The new artistic director duo explained their vision of the ideal festival to me last spring, shortly before the planned launch. Their vision was to be implemented in an exemplary way through a one-day Carte Blanche.   

The festival was one of the first victims of the first lockdown.  
This year it takes place online.   

Marie Jeanson und Denis Schuler present themselves before the Carte blanche, planned for Archipel 2020. Video Geneva März 2020 ©neo.mx3

Jeanson and Schuler’s vision sounded like a five-point plan: what has become of it and what has been accomplished – despite the pandemic and streaming? I dug out our earlier conversation to compare their pre-pandemic vision with today’s reality 

The 2020 five-point plan <> the 2021 festival: a comparison

La musique c’est fait pour être vécue ensemble

2020: All is one – music and life belong together. The Carte Blanche should last an entire day and all take place in one place PlainpalaisMaison Communale -, focusing primarily on hospitality, with shared meals and as well as dialogue and interaction opportunities. Because: “The purpose of music is to share and experience it together,” says Schuler.     

2021: The unity of life and music will be achieved through Archipel sous surveillance. The experimental festival web TV covers the festival – backstage on site – and brings it into the audience’s living rooms, daily between noon and midnight. The audience gets the opportunity to live with the festival.  

  

Archipel sous surveillance ©zVg Festival Archipel

 

‘cohérence poétique’

2020: In the future, the festival wants to focus less on the music makers and more on the audience. “We wish to establish the right framework so that people are touched by a poetic coherence. We tell stories and want to create a desire to come back,” says Jeanson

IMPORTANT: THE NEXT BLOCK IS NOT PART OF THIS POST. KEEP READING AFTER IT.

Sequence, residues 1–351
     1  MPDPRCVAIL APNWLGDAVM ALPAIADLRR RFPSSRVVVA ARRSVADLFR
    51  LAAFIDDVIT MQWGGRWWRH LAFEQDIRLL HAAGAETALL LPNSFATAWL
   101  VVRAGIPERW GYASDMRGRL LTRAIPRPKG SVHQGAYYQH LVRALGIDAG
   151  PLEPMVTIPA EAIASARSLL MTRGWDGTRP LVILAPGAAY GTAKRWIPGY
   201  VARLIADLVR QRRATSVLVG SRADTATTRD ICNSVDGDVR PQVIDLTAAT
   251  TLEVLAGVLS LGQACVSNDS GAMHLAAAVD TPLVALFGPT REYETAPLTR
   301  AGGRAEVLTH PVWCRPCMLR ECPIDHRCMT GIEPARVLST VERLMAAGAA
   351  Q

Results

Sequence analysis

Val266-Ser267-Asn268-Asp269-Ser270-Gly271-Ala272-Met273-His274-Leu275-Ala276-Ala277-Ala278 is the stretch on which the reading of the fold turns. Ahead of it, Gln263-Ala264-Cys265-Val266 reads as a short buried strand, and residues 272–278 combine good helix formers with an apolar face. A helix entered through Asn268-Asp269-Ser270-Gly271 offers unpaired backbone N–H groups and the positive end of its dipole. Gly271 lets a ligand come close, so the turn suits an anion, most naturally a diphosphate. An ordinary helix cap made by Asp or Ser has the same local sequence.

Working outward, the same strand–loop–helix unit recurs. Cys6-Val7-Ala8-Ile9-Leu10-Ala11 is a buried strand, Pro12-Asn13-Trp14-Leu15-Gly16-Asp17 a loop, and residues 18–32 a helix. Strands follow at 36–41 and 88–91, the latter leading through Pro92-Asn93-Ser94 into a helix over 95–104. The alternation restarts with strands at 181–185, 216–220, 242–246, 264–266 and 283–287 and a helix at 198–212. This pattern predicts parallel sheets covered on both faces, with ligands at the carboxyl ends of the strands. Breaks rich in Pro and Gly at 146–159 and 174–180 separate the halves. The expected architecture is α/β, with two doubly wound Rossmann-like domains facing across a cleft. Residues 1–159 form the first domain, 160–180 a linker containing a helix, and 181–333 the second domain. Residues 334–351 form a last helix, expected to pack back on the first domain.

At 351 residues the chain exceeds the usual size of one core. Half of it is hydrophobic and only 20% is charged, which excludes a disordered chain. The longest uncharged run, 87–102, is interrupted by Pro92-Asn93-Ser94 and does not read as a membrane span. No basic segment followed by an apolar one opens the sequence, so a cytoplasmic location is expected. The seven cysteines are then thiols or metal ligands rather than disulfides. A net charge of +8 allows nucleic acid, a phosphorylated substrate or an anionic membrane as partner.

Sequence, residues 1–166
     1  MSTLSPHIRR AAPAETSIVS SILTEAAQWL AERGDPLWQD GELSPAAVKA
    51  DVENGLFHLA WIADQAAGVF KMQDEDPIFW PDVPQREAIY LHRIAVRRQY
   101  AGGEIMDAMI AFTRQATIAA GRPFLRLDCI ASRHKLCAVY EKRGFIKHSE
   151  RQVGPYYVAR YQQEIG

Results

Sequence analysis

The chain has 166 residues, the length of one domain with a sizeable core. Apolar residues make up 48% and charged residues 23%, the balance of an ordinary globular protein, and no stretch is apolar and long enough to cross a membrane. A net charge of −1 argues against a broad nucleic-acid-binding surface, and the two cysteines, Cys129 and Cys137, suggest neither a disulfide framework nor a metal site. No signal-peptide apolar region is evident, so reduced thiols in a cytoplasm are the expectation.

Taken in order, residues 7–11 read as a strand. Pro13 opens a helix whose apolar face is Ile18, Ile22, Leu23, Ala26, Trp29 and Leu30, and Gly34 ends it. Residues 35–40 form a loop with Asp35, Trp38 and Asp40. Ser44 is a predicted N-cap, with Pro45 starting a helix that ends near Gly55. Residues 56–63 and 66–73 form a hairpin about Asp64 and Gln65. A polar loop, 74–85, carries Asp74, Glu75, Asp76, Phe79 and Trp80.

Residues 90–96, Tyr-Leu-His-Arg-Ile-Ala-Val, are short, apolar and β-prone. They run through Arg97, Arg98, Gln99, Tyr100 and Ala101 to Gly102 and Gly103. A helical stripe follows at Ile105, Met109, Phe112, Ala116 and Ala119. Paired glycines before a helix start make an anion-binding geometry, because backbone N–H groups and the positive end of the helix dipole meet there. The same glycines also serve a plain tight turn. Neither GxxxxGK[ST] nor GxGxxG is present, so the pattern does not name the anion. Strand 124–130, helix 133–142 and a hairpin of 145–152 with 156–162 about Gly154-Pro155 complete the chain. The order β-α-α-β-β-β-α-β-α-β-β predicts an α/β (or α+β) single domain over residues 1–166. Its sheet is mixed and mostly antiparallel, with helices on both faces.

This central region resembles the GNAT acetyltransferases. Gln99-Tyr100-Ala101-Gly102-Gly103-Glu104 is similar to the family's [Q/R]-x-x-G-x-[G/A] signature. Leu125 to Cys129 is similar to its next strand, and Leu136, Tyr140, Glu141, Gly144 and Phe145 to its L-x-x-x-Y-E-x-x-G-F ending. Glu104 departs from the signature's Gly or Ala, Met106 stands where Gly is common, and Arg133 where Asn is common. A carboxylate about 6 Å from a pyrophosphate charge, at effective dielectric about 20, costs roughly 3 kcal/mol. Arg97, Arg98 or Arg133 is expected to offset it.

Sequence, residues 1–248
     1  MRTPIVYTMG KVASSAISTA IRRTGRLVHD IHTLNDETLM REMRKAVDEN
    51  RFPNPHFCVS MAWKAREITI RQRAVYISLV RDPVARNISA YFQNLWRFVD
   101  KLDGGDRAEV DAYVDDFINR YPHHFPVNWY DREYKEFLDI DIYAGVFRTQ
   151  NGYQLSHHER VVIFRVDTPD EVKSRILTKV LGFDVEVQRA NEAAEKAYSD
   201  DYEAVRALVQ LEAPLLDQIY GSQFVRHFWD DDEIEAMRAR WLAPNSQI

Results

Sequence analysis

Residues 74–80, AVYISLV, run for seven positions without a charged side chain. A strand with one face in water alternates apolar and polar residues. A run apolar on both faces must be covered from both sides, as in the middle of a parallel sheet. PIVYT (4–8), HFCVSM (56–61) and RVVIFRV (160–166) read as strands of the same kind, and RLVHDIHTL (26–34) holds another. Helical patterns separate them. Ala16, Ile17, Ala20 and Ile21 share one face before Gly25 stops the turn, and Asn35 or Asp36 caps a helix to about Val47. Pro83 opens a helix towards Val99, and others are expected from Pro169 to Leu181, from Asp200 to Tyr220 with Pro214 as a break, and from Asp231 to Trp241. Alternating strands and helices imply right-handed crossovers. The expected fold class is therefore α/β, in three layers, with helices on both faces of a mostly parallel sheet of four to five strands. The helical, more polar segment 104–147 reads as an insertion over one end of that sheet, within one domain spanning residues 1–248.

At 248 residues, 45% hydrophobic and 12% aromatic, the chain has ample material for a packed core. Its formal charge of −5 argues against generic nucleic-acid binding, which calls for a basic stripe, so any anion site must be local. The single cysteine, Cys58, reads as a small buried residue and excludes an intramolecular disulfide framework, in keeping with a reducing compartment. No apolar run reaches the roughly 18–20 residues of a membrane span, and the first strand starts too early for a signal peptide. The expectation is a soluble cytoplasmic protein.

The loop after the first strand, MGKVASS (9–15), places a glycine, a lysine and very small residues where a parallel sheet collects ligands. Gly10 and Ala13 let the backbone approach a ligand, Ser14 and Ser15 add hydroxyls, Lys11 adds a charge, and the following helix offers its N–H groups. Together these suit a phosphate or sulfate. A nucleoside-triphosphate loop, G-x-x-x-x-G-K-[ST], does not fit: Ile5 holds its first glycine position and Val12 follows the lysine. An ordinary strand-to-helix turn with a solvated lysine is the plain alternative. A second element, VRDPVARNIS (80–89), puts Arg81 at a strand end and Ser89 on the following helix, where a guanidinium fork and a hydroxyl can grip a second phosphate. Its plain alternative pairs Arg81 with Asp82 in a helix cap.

2021: Four sound installations occupy four rooms of Plainpalais’ Maison Communale and can be walked through online throughout the festival. The festival’s characteristic and historic headquarters are reborn online, creating a continuous poetic space between fiction and reality….
 

 

Benoît Renaudin, 1000 flûtes, installation sonore, maison communale de plainpalais ©zVg Festival Archipel

‘faire exister la création’

2020: Archipel does not want to be involved (any more) in the festival competition for the most and best world premieres. “Many people are only interested in being the first ones to do or show something,” says Schuler. But the artistic director duo is all about “keeping the creation alive”. “What we’re mainly interested in, is the combination of composition with what is created during the very moment.